Technically, the technology they have invested billions into is actually worse. Whereas torrenting is more like the design of the original internet (decentralized), streaming is the equivalent of everyone in the world going to three or four Blockbuster outlets at the same time. This is a huge engineering problem created by very poor fundamental engineering. Everybody has to hammer the same international servers for the same file, rather than just getting it from their neighbors. Whereas torrenting gets better the more popular a file is, streaming gets worse. An entire generation of software engineers has been devoted to optimizing an inherently suboptimal solution, and one which consumes a lot more energy and resources.

With torrenting, there could have been an improved model of content distribution in general, but that would have meant changing the model of wealth distribution, which they did not want. So we end up with this deranged recreation of cable TV, except more expensive, energy intensive, and with the workers paid even less. Literally the only feature benefit people are getting is time-shifting and more choice, which you could do with a VCR and a Blockbuster card decades ago. The entire streaming ecosystem is, in fact, the stifling of innovation so it could fit into a stale old business model.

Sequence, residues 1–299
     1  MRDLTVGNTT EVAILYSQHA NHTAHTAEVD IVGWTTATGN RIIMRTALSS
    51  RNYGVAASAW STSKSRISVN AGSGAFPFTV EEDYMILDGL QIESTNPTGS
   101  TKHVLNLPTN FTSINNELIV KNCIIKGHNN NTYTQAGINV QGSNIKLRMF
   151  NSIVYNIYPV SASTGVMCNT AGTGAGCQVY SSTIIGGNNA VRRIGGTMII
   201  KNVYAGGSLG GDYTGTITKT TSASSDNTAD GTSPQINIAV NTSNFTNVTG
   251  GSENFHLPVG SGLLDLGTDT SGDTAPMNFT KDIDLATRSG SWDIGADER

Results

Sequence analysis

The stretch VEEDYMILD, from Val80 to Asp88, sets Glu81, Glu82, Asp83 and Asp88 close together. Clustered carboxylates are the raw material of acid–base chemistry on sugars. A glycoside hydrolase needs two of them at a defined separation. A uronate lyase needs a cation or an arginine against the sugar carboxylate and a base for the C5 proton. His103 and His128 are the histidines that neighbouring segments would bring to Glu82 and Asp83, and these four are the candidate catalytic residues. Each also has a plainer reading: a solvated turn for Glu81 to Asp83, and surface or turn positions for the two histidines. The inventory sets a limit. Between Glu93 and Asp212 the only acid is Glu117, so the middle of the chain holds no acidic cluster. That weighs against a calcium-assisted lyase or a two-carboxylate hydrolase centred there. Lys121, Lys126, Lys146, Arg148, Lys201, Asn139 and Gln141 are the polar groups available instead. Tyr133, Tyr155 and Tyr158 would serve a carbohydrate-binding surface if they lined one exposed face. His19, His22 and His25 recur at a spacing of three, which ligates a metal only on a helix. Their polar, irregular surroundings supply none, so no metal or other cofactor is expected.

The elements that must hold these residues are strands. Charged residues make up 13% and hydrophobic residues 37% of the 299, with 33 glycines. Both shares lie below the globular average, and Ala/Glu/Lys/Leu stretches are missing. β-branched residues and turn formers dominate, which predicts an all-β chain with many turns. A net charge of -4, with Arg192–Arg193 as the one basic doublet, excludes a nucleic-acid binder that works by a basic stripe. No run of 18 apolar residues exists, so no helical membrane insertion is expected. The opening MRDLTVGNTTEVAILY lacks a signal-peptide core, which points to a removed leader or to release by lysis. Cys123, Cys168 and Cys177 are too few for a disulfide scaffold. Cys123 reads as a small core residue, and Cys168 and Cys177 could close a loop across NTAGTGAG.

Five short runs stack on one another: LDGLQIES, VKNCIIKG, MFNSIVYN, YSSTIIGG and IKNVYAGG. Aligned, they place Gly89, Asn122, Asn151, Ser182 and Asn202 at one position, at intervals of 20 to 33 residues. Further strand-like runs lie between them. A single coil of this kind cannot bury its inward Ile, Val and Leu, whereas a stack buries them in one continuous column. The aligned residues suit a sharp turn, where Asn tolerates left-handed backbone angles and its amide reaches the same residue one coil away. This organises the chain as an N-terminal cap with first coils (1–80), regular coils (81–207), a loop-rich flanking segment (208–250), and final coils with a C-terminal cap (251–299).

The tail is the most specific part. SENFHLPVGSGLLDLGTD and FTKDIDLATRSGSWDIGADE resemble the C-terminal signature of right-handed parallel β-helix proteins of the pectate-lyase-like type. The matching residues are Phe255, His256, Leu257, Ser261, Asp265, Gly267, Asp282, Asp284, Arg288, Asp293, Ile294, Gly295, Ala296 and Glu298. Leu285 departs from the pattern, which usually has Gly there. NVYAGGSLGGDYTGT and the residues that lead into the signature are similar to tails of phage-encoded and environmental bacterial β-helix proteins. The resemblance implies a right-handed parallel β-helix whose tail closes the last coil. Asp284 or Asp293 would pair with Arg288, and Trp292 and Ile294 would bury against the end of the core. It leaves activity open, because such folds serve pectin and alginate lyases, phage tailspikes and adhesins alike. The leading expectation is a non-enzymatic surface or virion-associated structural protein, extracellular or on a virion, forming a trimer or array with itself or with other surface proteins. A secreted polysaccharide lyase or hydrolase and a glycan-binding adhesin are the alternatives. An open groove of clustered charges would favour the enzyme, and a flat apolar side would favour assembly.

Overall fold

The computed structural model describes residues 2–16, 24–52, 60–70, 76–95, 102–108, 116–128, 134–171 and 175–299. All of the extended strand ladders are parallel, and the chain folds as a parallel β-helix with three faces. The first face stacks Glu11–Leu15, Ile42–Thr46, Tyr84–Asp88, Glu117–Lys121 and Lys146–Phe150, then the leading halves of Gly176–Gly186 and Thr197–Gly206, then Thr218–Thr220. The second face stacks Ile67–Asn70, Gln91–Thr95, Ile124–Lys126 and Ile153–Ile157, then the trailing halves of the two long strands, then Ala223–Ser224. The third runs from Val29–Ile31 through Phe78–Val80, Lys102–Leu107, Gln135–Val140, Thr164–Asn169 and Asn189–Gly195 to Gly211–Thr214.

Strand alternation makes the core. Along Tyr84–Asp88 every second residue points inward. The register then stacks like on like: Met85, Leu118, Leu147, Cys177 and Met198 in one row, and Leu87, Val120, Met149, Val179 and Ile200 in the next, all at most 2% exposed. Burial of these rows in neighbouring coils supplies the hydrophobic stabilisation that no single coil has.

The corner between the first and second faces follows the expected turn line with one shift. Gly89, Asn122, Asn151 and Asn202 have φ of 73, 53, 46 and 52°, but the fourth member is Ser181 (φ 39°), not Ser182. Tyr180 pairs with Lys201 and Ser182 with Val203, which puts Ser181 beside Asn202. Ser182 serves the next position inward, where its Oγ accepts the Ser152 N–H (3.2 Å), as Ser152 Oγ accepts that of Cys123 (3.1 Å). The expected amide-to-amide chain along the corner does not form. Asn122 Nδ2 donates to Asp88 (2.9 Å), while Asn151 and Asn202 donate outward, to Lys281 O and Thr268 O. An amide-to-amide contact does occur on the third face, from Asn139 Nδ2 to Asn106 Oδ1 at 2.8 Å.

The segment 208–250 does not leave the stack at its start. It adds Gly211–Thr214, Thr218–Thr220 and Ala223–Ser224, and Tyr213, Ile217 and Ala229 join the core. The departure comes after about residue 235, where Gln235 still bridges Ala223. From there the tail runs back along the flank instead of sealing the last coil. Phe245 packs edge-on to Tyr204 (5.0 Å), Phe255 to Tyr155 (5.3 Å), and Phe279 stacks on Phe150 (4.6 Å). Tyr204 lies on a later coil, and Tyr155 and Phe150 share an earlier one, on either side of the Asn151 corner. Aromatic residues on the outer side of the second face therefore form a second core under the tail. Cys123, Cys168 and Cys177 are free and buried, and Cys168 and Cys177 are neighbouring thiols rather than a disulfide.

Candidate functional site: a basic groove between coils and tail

Of course, it's not all coercion. They are fundamentally selling us entertainment. So once the lawmakers they've bought off legislate a highly restricted market into the town square, the services compete on content and convenience. And for a while—while they were following the business model of predatory pricing—they gave consumers a lot, and now very conveniently. There was really cool stuff on streaming, and you could watch it whenever you wanted. This turned out to be a bit of a bait and switch as content fractured and stopped producing much worth watching, but I still use streaming services because that's what it is these days.